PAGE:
Alcohol tags helping thousands of offenders stay sober


More than 97% of offenders on sobriety tags have stayed off alcohol, a year after they were introduced in England following a successful pilot in Wales.

Since the tags were launched as part of government plans to curb drink-fuelled crime, 3,121 offenders have been monitored by the tags, with more than 3,000 staying sober.

Alcohol plays a part in 39 per cent of all violent crime in the UK, and the social and economic cost of drink-related harm is estimated to be around £21.5 billion per year.

As a result of the scheme’s success, the Ministry of Justice will roll out alcohol-monitoring tags to other offenders once they are released from prison in the summer. Further details will be announced in the coming months.

By 2025 it is estimated that 12,000 offenders will have had their drinking monitored by the tags – part of the Government’s £183 million expansion of electronic monitoring.

Minister of State for Crime and Policing Kit Malthouse said:

We are ramping up our use of this innovative technology because it is working, with offenders staying sober 97 per cent of the time.

It is not only protecting the public from the scourge of alcohol-fuelled crime – it also gives probation officers the chance to work with offenders to help them turn their lives around.

Since last April, courts have been able to order offenders to wear an alcohol tag as part of a community sentence when their crime was driven by alcohol. The tag takes a sample of their sweat every 30 minutes and alerts the Probation Service if the offender has been drinking.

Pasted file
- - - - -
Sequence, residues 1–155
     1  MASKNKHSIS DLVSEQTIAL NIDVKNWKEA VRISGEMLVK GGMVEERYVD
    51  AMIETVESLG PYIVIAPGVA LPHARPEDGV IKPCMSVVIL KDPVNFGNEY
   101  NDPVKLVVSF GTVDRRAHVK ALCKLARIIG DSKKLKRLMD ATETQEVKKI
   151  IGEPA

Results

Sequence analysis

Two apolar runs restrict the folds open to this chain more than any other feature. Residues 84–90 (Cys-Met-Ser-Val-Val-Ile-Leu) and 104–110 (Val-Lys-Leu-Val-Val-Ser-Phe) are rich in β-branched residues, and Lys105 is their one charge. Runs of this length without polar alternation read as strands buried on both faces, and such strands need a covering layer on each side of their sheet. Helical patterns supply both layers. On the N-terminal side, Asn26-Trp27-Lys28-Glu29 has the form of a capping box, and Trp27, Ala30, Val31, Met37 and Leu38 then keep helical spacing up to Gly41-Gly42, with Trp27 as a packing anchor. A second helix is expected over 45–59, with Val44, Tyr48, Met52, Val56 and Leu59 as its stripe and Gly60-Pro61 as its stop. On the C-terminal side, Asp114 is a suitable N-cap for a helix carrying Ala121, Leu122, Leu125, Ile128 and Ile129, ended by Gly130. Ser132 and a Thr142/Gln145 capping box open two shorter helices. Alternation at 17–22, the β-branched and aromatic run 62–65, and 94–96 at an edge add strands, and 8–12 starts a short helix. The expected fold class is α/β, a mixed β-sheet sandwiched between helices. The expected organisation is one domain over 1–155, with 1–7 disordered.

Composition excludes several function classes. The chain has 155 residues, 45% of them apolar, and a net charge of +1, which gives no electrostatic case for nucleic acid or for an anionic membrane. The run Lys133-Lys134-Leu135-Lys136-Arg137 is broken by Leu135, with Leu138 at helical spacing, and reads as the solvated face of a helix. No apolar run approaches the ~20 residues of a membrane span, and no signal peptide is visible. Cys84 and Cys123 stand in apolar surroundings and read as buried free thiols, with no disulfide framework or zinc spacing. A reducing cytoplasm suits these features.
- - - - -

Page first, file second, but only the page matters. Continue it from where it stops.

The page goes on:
Those found breaking their ban can face a prison sentence and fines.

Roughly 20 per cent of offenders supervised by the Probation Service have an alcohol problem. The service provides professional support to offenders with an alcohol misuse issue, monitoring risk and helping them address their consumption while also linking them into specialist help.

Mark*, aged 44 from Hereford, was sentenced to a Community Order, and required to wear an alcohol-monitoring tag for 90 days after being arrested for drink driving. He has also been banned from the road for 30 months and received 100 hours Community Payback.

Mark said:

I was pulled over on a Saturday morning and was devastated to blow over the limit. Like many others, during lockdown a drink at the weekend had turned into maybe a glass of wine during the week and it made me reflect.

I’ve not found wearing the tag hard, but it has given me extra motivation to reduce my intake.

The government is investing £183 million into the expansion of electronic monitoring. As well as sobriety devices, GPS monitoring equipment is now deployed across 19 police force areas – roughly half of England and Wales – so that burglars, robbers and thieves that have served a prison sentence of a year or more are tagged on release. Their whereabouts will be monitored by GPS satellites for up to 12 months.

*Mark is not the offender’s real name.


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